After that I was completely lost. No friends. I tried several times to play with the kids down the street but they were so mean it always ended in torment. I was an easy target and they reveled in it. All I had was the television and my imagination. And the latter went wild. For hours I would sit and play. Creating my own scenarios with Hot Wheels and Star Wars action figures. Voices and characters swirling in my head. When the arguing in the house got too unbearable I would go outside and climb my favorite tree until no one could see me. And the imagination would start flowing again. My mind became my new best friend taking me away from all the hurt to my own private resort where everyday the “soup of the day” was funny. No pain just laughter.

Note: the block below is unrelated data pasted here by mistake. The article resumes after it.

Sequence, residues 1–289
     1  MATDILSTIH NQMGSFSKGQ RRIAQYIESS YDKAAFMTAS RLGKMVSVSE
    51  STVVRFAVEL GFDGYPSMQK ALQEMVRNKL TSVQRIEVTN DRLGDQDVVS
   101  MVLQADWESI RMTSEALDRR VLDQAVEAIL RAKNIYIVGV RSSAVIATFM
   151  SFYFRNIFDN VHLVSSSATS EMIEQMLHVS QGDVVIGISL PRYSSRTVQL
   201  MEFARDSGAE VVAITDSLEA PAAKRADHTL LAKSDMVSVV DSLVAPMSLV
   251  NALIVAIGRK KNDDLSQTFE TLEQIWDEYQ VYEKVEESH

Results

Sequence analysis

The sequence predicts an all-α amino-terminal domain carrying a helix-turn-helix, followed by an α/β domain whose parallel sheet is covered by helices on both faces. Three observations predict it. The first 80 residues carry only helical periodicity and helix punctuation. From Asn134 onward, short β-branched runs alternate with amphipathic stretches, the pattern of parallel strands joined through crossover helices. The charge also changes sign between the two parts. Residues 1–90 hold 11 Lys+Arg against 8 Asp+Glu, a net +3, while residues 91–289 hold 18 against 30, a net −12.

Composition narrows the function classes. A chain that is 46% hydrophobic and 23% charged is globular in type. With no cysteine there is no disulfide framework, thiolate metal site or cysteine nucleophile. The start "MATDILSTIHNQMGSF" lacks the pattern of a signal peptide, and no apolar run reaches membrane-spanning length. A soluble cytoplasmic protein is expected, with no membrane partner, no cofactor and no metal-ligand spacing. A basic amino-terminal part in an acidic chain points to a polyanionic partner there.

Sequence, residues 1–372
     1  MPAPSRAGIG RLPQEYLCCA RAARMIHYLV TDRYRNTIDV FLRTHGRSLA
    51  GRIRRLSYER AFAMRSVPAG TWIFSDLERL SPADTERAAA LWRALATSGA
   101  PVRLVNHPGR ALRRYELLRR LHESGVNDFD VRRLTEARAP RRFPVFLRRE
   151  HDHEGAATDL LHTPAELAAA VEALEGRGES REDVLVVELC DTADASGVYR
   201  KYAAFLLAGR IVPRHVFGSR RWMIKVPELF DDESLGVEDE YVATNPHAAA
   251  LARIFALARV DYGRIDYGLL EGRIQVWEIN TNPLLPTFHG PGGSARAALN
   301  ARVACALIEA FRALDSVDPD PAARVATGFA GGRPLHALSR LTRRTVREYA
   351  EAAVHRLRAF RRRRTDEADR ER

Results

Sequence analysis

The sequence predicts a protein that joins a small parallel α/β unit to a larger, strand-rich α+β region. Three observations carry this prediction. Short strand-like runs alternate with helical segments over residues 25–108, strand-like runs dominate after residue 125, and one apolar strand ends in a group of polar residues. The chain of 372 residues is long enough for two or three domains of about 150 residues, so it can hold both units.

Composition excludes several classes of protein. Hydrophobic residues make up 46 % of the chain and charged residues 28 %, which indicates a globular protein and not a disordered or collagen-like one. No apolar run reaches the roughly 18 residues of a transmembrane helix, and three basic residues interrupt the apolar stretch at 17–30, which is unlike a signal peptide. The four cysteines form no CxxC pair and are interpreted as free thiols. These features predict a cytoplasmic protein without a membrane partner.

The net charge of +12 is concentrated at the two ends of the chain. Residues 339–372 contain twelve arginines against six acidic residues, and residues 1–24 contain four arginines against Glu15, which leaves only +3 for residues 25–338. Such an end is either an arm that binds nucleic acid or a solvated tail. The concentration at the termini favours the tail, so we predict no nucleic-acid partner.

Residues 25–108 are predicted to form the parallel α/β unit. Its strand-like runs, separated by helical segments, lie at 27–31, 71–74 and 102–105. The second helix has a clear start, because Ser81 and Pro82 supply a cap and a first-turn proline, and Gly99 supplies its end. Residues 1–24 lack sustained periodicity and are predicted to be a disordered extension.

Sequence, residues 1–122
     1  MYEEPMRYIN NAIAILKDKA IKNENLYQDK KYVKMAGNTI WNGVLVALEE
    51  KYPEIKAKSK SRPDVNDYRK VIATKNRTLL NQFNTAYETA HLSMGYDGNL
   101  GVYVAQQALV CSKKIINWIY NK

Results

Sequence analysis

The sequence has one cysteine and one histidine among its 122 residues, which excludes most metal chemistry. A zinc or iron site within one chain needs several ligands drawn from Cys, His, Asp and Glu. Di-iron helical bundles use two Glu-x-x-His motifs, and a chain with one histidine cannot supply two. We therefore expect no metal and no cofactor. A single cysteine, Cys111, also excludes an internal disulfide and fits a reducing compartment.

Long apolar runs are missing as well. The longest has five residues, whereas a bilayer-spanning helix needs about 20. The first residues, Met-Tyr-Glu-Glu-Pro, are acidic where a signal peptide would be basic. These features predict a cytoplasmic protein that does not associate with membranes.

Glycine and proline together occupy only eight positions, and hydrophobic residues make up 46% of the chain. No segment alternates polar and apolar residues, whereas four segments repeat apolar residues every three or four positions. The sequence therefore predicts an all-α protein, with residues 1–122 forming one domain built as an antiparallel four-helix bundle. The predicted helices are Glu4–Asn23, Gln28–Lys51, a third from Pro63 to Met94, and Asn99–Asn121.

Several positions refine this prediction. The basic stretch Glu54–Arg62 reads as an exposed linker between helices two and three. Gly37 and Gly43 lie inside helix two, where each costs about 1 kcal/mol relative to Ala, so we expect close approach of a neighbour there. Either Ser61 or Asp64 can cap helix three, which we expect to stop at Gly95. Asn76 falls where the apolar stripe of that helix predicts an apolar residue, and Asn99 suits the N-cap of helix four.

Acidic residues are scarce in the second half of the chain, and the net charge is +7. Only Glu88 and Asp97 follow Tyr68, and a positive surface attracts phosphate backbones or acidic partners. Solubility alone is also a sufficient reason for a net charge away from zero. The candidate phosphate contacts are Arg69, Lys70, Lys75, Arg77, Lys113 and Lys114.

This is the exact moment in my life when everything became a joke. I had hurt enough. I didn’t like it and didn’t see the point. Why be sad? It’s not necessary and it doesn’t solve anything. Everyone should be happy.
It’s important to know that I was not a smart ass or a trouble maker in school. My goal was to be liked. No, LOVED. Which is why I got away with as much as I did, because I always took it right to the line and then backed off. Also, I never picked on anyone. I was always the butt of the joke. If I’m picking on me then YOU CAN”T. I’m in control.
So no wonder I attached myself to a crazy alien on TV. He was funny, weird, lovable and childlike. An outsider. He was everything thing I was and everything I wanted at the same time.
I think the real reason everyone is having a hard time with Robin’s death is because it was a suicide. We feel as if something evil has taken him. No warning. BAM! Gone.
A man who brought 40 plus years of joy to so many lives was hurting and none of us knew it. I feel selfish. I feel as if I took from him and never gave back.